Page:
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Grant for AI models in rare diseases

Grant for AI models in rare diseases

Internist haematologist Eduard van Beers (UMC Utrecht/ U-trial) and 16 international partners have been awarded a €7 million grant for the SYNTHEMA project. In this project, the researchers will apply new techniques to train the algorithms in their AI model. This is necessary to better predict the disease course of patients with rare diseases.

"For a disease such as sickle cell disease, it is very important to predict in the first years of life what will happen later on," Van Beers says. "This gives a paediatric haematologist the opportunity to decide early on whether a heavy therapy - such as stem cell transplantation - is a good option for the patient. Timing is important. Doctors want to treat before a patient is too sick to handle another heavy treatment."

Supercomputer

The SYNTHEMA project is a continuation of Eduard van Beers' activities within the ERN Eurobloodnet and the European GENOMED4ALL project and focuses on data from patients with a rare disease. Within this project a predictive AI model is used. In the SYNTHEMA project, researchers work with the latest data techniques: federated learning and synthetic data. "We also add data such as MRI images and data about genes and metabolic processes," says Van Beers. To process this data, we use the supercomputer on the CINECA campus; one of the most powerful supercomputers in Europe."

To provide insight into what the researchers are doing, Eduard van Beers draws a comparison. "Our AI model that predicts disease severity in the future can be compared to how the AI in a Tesla predicts the effect of traffic. They are machine learning algorithms that you can train using data. The artificial intelligence (AI) in Tesla cars is no longer trained on the road in real traffic situations, but Tesla's AI is trained in a fictitious environment in which many different traffic situations are simulated. Researchers call this synthetic data. Because the Tesla AI can now practice many more situations, it can 'learn' much faster and become better than if it were driving around in a real car. "In medicine, like Tesla, we are also going to offer our AI model 'synthetic patient data' to learn from. That way we can improve our AI model!"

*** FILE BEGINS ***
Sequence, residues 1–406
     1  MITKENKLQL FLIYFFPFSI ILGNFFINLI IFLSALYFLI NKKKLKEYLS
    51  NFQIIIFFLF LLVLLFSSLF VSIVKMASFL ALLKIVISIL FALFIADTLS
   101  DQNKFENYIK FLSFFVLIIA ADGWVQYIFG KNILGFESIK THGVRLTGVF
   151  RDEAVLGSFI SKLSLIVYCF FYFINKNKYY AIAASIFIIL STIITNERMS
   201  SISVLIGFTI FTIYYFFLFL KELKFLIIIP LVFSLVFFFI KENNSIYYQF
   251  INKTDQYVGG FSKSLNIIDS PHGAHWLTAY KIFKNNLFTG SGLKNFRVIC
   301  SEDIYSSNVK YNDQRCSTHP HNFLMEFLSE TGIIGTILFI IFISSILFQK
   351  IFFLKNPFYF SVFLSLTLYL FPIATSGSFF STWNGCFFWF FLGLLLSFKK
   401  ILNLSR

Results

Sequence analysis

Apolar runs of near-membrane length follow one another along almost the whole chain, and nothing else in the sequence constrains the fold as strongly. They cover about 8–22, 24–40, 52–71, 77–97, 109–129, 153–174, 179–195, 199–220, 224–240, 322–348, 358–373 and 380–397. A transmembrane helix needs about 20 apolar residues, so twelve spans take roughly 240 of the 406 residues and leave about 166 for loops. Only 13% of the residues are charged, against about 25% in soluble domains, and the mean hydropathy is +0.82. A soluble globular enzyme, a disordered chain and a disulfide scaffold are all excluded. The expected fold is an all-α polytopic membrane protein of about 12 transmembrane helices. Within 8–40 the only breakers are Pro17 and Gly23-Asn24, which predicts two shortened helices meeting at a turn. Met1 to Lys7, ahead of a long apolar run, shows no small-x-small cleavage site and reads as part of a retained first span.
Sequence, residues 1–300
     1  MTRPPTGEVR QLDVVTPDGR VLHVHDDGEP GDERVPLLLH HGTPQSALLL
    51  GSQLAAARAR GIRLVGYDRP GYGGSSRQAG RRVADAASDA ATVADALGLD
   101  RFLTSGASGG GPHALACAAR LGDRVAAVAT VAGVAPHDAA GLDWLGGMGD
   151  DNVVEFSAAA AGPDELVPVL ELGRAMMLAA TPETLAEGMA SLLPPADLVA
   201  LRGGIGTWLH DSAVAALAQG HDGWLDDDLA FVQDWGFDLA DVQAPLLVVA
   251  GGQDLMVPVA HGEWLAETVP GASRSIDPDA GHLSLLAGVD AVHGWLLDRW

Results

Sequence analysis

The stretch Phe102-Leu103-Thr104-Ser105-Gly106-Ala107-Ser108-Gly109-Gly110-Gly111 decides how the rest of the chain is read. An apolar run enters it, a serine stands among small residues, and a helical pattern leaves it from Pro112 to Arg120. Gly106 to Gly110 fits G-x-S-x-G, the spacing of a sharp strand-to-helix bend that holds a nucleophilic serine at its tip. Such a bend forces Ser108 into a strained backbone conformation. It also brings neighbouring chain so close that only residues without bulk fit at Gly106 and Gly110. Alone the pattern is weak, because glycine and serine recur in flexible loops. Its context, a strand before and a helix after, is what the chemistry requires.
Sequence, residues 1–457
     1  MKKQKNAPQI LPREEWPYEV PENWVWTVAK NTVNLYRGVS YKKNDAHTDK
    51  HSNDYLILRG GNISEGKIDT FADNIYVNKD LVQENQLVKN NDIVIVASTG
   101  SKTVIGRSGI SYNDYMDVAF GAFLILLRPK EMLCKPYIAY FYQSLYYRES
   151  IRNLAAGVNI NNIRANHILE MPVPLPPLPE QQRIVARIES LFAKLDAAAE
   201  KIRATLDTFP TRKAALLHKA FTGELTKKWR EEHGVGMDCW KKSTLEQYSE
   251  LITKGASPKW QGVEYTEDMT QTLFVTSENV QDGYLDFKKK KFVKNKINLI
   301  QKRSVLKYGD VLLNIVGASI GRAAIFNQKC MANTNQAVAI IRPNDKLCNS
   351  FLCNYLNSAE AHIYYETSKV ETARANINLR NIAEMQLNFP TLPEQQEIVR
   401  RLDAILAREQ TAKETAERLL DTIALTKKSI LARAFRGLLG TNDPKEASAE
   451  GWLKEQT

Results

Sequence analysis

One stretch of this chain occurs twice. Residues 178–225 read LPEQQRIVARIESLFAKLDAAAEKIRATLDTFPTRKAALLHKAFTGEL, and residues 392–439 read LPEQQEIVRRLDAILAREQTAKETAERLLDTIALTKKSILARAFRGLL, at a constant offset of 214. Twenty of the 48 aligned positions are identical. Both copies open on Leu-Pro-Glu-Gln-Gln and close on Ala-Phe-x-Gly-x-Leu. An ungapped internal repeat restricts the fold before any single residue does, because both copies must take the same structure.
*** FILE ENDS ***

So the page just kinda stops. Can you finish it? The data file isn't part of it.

Benefits

Testing the applicability of the technique of federated learning and synthetic data to achieve better disease prediction is the goal of the SYNTHEMA project.  "This could be the basis for application in many more rare diseases where there is little data," says Van Beers. "If you then consider that 1 in 10 Europeans has a rare disease you can imagine that the impact of this research is potentially very large."

Consortium formation and U-trial

Besides the content of the work being of potential importance, the grant also illustrates how, by working together with European co-researchers, you can win a large grant and undertake large projects that can be of importance to the entire healthcare system. Actively participating in a European Reference Network (ERN) such as Eurobloodnet, can be a way to set up a consortium relatively easily. From U-TRIAL we encourage these kinds of collaborations. U-TRIAL is the clinical trial knowledge and expertise centre of UMC Utrecht for both established PIs and young research talent (internal) and for external stakeholders such as CROs, pharmaceutical companies, medical devices, and diagnostic companies. Each strategic spearhead has a representative within U-TRIAL from whom you can seek advice and expertise for setting up consortia and trials. Read more about it

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